I've found some Georgian stamps to illustrate my little key & duty story. So here goes.

Many of the definitives issued in the Georgian reign were the same for many colonies. As most stamps were printed by De La Rue, they devised so-called key plates (to be precise, they did that in the Victorian age). These are printing plates of the design of the stamp without country name and value. These plates could therefore be used for all colonies and all values. Much cheaper than having to make complete plates for all different stamps. It did mean however that for every stamp, two plates were needed. The second plate, the duty plate, was made up of the country name and the value. Registration of the two plates was vital, and as you can see from the image below, the country name had a tendency to float a little.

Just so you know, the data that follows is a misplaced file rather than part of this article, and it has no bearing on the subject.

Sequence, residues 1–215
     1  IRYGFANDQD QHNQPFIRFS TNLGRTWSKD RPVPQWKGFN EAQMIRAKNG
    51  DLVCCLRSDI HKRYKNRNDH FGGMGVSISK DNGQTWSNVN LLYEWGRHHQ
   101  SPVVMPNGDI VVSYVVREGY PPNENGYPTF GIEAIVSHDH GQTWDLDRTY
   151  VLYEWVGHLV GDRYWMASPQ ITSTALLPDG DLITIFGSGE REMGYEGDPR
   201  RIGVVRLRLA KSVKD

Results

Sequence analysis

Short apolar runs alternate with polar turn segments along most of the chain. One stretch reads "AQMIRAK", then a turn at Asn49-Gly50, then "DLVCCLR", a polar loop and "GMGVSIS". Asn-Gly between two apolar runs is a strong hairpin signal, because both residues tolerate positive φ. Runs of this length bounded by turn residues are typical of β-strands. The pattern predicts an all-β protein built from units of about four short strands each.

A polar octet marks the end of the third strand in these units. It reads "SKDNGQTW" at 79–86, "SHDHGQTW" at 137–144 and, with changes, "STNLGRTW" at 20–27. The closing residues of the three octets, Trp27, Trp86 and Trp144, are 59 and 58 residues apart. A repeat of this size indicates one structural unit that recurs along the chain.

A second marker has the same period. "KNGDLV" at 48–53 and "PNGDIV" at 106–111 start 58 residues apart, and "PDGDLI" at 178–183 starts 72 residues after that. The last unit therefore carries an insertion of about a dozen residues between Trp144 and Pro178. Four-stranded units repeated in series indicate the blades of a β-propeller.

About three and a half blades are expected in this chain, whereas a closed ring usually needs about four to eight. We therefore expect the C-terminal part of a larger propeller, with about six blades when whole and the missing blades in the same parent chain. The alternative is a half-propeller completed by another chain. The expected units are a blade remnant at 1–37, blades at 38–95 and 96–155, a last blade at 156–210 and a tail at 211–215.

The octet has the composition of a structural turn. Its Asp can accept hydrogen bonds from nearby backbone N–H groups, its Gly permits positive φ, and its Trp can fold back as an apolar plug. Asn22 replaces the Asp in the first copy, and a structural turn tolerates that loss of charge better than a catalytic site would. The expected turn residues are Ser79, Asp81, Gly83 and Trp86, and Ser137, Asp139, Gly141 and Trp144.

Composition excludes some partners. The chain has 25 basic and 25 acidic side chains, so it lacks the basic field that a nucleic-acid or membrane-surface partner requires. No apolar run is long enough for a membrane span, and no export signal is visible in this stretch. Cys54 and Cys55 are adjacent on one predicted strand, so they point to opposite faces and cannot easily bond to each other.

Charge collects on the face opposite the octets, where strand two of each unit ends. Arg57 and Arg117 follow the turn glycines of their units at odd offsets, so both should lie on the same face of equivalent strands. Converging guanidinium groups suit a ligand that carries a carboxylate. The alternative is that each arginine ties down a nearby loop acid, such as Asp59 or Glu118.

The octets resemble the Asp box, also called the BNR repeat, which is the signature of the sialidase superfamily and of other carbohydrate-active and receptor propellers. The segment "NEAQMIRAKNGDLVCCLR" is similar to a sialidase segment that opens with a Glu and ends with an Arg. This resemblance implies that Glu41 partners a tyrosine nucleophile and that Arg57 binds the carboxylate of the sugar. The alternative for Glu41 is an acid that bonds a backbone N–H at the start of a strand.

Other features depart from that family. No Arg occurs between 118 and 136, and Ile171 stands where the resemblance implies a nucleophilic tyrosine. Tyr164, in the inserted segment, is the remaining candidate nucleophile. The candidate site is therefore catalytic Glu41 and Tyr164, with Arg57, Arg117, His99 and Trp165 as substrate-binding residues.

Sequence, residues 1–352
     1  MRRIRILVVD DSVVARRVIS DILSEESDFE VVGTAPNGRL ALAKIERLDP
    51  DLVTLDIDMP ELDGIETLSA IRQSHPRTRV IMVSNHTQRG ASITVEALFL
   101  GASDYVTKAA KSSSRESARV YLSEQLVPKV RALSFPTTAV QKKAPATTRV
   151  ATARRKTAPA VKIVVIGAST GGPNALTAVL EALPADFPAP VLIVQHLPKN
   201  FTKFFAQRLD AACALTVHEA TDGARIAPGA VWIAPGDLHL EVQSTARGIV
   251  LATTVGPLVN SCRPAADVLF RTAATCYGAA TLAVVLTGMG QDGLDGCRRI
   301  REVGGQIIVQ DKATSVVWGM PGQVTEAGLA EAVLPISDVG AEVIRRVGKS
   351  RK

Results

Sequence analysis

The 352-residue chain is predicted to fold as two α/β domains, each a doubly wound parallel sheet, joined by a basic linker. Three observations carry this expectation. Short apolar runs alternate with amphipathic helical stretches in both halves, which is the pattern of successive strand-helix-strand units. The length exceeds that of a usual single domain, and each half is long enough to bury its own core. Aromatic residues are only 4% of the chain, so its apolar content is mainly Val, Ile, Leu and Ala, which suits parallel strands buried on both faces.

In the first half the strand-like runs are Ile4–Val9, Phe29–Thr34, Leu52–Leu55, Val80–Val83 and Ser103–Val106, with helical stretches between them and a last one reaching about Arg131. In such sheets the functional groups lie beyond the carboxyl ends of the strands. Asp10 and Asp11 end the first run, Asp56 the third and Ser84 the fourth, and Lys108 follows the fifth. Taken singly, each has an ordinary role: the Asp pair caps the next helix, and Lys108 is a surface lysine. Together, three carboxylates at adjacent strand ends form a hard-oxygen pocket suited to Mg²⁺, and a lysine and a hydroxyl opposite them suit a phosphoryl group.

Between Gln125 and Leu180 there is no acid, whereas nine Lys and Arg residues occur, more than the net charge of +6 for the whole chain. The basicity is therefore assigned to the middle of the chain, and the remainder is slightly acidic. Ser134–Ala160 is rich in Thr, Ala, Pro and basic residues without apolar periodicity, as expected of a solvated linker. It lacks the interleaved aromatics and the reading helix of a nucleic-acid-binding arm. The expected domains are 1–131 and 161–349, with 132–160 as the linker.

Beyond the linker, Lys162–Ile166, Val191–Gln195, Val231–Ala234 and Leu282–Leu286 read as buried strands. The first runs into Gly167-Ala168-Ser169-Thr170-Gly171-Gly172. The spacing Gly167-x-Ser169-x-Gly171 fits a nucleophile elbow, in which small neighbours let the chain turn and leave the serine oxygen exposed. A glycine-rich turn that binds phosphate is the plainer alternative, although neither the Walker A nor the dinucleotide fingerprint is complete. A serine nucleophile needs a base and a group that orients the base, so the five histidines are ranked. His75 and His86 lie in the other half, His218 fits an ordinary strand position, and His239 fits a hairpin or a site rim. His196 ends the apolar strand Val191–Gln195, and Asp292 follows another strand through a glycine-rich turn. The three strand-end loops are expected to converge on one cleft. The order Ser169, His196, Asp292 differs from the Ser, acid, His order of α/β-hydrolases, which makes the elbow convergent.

This Ceylon set is out of the ordinary in that some values were (also) printed with single printing plates. These can be identified because they have a large C of cent. See the 5c below.

Such a humble stamp, so many things to look out for!